A night in New Hampshire: a journey from Sanders to Clinton

In the first week in February, I was feeling anxious. I had just returned from JanPlan break with only the grind of another Colby semester to look forward to. I needed a break from it all. I was frankly jealous of my friends in New Hampshire who had met the likes of Donald Trump, Bernie Sanders, and Hillary Clinton. I did not want to be left out.  So when a good friend suggested that I attend the 100 Club Democratic Fundraiser Dinner in Manchester New Hampshire I readily accepted.

Getting to New Hampshire was an adventure in itself, but through the snow and the hail we finally made it to Manchester to see Bernie and Hillary speak. At the time, I was a Sanders supporter, so I sat on the Bernie side of the stadium cheering on the political revolution.

But throughout the course of the night, Sanders supporters spent nearly as much time jeering local politicians as they did cheering for Bernie. Admittedly, this was in part because Hillary Clinton received several endorsements throughout the night while Sanders received none. But clearly, there was something else going on. In the past, I simply accepted the narrative that the political class was playing it safe. After all, endorsing a winning candidate would make it easier for state representatives to get funding from the federal government for social programs and other essential services. But based on their impassioned speeches, these state representatives and congressmen clearly believed that Hillary Clinton had the ability to change the country for the better. They expressed confidence in Clinton’s ability to lead despite the fierce partisan landscape that exists today.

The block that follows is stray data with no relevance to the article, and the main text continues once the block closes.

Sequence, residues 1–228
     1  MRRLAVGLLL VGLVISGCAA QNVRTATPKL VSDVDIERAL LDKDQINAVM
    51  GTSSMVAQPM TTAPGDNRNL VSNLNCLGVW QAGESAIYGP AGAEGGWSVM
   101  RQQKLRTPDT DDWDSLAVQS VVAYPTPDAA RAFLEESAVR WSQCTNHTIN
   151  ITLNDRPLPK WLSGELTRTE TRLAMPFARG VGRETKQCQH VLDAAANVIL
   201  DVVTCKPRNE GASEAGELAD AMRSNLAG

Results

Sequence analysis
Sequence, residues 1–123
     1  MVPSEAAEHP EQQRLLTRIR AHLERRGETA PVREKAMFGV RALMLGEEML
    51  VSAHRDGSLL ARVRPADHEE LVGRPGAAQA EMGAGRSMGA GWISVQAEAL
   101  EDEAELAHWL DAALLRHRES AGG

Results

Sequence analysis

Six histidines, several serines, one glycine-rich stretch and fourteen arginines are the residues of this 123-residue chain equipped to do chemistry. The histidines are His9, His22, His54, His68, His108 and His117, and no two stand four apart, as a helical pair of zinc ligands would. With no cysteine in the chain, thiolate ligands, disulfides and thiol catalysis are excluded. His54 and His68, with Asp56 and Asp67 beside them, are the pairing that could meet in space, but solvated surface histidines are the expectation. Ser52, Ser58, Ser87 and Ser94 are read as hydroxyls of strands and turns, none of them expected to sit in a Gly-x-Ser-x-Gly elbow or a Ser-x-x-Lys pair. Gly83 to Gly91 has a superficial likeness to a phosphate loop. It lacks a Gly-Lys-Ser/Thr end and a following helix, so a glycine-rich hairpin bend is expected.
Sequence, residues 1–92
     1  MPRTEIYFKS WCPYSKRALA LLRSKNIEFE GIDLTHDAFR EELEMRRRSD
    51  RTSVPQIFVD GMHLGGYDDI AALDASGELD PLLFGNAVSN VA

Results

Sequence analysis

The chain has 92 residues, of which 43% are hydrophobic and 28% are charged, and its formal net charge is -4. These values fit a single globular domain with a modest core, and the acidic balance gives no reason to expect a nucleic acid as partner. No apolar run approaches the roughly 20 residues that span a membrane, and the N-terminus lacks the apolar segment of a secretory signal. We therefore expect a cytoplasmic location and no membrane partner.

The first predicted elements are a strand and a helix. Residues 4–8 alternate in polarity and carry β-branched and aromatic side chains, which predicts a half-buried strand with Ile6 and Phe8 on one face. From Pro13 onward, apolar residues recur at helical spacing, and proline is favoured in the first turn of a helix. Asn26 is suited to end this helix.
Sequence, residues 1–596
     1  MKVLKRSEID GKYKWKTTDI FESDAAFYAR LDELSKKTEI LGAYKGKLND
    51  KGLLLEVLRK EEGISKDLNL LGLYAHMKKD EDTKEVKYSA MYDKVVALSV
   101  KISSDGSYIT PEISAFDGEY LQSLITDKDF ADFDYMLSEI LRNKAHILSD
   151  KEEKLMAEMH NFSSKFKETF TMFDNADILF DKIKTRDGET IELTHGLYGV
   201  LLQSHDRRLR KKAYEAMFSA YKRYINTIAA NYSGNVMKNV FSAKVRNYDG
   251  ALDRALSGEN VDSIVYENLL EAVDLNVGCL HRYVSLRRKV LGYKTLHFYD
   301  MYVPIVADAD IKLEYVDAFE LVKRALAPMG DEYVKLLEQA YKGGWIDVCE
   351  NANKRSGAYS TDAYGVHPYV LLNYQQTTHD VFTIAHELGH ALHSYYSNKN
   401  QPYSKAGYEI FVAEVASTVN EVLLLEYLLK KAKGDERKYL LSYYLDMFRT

After the event, we were unable to find a hotel room, so we decided to relax at the Radisson Hotel Lobby giving me ample time to think. I was still a Sanders supporter, but I began to have doubts. I read articles on my phone about Sanders’ single payer health proposal outlining the trillions of dollars in revenue the government would have to raise to make it a reality. I also read an article that suggested that Sanders would literally “Bern” through his political capital very quickly by pressuring Congress to implement single payer healthcare, free public college, and a two-fold increase in the minimum wage. As the night went on, I found myself doubting Sanders’ message even more. Perhaps what the country needs is an insider who understands how to manipulate the political process; a “changemaker” as Bill Clinton puts it.

Several hours later, having stayed awake throughout the night we made our way to Carson headquarters to hear the doctor speak. I figured what better way to get my mind off my troubles then to listen to a man with absolutely no qualifications to be president. At the event, we sung God Bless America with Candy Carson and shook hands with the would be Donald Trump supporter himself.

Nevertheless, as we left Carson headquarters my mind returned to the question of which candidate was best suited to lead the nation. Again, I was unable to make a decision, even more unsure than before. But this all changed when I arrived at Clinton headquarters in Hampton, New Hampshire. In Hampton, I met local Democrats that had been working on elections for 20, 30, even 40 years. Each person had a slightly different perspective on why they believed Hillary was the best candidate for office. But there was one unifying theme that they all touched upon: The most important role of a president is to negotiate and compromise. They argued that Senator Sanders will not be “bringing people together” as he so often claims. In fact, Sanders’ ideological purity, the trait I respected most, would not allow him to negotiate without sacrificing his principles. Given the choice between a candidate that can present radical reforms and a candidate that will implement modest reforms I proudly chose the latter.

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